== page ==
The present house was built in 1616 by Sir George Booth but has since been altered and remodelled over the years 1732, 1740, 1905, and 1908.

The rising of the estate

The house really rose after George Booth, the 2nd Earl of Warrington, inherited the Dunham estate from his father, Henry Booth, the 1st Earl of Warrington, along with a debt of £50,000. As a way to clear the debt, he planted hundreds of trees as a source of timber. However, he finally manages to pay off that debt when he marries Mary Oldbury, who came with a huge dowry of £24,000, which is around £2.5 million today.

The house was inherited by their only child, Mary Booth, who married Harry Grey, the 4th Earl of Stamford, which meant the Durham Estate was brought into the Earldom of Stamford and into the Grey family.

The estate stays in the Grey family until 1976, when the last Earl, the 10th Earl of Stamford Roger Grey, who inherited the estate at just 13 years old dies, leaving the estate to the National Trust. It is the biggest gift left to the National Trust to date.

Fake memories, an eerie spooky walk, and reindeer spotting.

I was absolutely certain I’d been here once before, on a school trip at around the age of seven. I remember the trip clearly as a day, but strangely, upon arrival and all throughout the day, there was absolutely nothing recognisable. I am still unsure if I have been here before. Perhaps it could be another one of my fake childhood memories. Nonetheless, the first thing I planned to do was visit the medieval deer park, which was first mentioned in 1362.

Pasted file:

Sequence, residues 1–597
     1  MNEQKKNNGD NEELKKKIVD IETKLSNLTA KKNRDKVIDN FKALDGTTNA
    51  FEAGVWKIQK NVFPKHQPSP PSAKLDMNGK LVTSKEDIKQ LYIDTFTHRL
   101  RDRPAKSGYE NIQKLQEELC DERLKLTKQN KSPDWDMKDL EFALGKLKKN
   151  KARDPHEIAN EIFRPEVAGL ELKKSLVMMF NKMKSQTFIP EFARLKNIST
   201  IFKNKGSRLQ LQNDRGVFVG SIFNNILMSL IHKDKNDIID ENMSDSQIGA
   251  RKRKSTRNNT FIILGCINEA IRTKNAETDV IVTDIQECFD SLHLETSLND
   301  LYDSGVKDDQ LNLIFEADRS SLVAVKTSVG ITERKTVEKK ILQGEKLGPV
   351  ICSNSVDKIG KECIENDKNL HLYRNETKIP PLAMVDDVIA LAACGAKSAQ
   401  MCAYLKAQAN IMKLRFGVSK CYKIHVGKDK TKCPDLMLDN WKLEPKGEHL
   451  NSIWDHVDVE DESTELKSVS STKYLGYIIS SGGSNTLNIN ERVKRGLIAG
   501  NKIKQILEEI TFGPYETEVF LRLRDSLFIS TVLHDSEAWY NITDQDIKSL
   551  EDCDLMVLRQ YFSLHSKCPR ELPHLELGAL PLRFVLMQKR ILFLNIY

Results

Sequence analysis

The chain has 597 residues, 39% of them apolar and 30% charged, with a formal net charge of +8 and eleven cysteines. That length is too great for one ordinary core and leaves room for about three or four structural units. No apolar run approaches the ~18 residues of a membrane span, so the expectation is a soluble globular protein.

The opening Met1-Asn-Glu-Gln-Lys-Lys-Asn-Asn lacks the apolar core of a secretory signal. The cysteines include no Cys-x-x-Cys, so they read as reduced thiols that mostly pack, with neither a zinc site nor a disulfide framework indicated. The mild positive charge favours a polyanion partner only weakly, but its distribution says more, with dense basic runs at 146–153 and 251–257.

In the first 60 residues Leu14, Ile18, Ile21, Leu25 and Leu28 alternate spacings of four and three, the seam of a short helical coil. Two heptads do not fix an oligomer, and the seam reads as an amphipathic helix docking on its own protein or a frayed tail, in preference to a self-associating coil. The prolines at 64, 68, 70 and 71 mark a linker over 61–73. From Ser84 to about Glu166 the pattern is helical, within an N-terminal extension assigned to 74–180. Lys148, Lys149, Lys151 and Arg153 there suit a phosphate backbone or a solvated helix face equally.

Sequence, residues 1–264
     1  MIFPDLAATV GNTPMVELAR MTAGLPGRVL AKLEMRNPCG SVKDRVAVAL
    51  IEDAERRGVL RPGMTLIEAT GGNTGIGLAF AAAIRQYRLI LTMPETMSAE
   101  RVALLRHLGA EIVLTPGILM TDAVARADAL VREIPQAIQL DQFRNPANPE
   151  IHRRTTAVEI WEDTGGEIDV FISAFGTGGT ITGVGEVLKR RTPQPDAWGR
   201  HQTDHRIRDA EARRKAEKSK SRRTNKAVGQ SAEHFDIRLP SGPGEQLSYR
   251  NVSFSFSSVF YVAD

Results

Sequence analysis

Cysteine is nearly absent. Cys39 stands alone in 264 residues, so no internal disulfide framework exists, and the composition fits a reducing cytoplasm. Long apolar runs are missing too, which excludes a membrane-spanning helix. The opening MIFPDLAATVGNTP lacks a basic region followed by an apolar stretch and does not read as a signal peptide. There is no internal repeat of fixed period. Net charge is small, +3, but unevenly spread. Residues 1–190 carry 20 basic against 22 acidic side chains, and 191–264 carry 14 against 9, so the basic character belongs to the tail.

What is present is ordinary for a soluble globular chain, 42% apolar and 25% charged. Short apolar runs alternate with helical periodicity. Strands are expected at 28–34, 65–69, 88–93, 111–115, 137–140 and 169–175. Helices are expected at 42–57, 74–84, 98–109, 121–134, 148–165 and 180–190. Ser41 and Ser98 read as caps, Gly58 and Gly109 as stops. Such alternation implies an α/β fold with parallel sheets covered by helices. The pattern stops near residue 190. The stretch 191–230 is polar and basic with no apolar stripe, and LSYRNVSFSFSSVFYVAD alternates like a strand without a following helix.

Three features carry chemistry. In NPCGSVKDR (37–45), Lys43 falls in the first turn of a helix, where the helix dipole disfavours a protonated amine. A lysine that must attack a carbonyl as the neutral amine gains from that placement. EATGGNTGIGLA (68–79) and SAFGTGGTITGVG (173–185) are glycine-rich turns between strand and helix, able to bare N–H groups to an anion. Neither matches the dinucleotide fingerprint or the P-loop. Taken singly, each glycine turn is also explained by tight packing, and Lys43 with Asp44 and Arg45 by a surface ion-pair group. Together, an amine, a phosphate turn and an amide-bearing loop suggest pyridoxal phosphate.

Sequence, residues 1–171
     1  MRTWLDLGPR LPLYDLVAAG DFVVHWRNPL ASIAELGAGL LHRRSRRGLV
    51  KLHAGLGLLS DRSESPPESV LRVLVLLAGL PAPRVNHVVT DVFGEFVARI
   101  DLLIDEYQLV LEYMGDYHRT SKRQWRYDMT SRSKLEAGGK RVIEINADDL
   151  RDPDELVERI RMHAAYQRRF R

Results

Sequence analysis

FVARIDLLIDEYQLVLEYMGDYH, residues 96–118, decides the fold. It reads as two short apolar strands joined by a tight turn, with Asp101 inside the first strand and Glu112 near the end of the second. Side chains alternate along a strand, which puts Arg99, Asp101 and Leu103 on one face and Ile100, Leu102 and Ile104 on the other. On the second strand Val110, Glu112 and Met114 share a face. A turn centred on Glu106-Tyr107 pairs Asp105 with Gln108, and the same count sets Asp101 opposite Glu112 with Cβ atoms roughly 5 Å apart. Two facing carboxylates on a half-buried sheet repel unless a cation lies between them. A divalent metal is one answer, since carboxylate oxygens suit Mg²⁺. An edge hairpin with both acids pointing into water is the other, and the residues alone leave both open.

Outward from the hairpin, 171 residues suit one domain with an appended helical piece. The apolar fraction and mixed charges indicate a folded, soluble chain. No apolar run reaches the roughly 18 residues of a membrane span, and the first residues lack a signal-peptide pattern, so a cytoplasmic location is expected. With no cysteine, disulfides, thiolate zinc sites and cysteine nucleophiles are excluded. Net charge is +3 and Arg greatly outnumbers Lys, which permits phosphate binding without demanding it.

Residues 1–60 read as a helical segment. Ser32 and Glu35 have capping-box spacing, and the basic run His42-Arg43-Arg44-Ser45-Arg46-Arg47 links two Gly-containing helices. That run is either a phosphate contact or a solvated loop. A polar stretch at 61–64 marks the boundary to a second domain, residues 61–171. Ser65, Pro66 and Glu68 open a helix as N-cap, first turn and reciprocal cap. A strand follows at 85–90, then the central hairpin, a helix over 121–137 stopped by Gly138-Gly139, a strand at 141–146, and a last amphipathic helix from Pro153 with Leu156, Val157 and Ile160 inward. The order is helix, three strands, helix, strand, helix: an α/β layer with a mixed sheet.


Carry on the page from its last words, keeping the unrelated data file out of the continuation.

The park is of scientific interest as it has hundreds of ancient trees and there have been roaming deer here for almost 1000 years.

Walking through the spooky deer park

The more I moved into the park, which appeared to be more like an extremely eerie forest, the spookier it became, especially when I arrived at a creepy looking small house. I’m glad I was unaware at the time because this house is reportedly haunted. Nonetheless, I still stopped for photos, as you can see.

There wasn’t a single soul around. It gave me the impression that I was staring in a scary movie as the stupid one who goes walking alone. 

Although I actually wanted to turn around at this point, I was determined to see the deer, so I kept on going.

Finally, I spotted a herd of deer in the distance. I wanted to take a closer look because, believe it or not, I’ve never actually seen a deer, at least not up close. But as I got closer, they seemed to have all vanished. Then, all of a sudden, I turned around, and there was this huge male Buck staring at me. Then I saw a huge herd of them, and from this point on, they all seemed to appear out of nowhere.

I was so delighted to see them, especially since I was told there was a possibility I wouldn’t due to the weather.

 

With c. 3000 acres of land here, there is plenty of ground to walk on and lots of outside buildings to discover.

Dunham Massey Watermill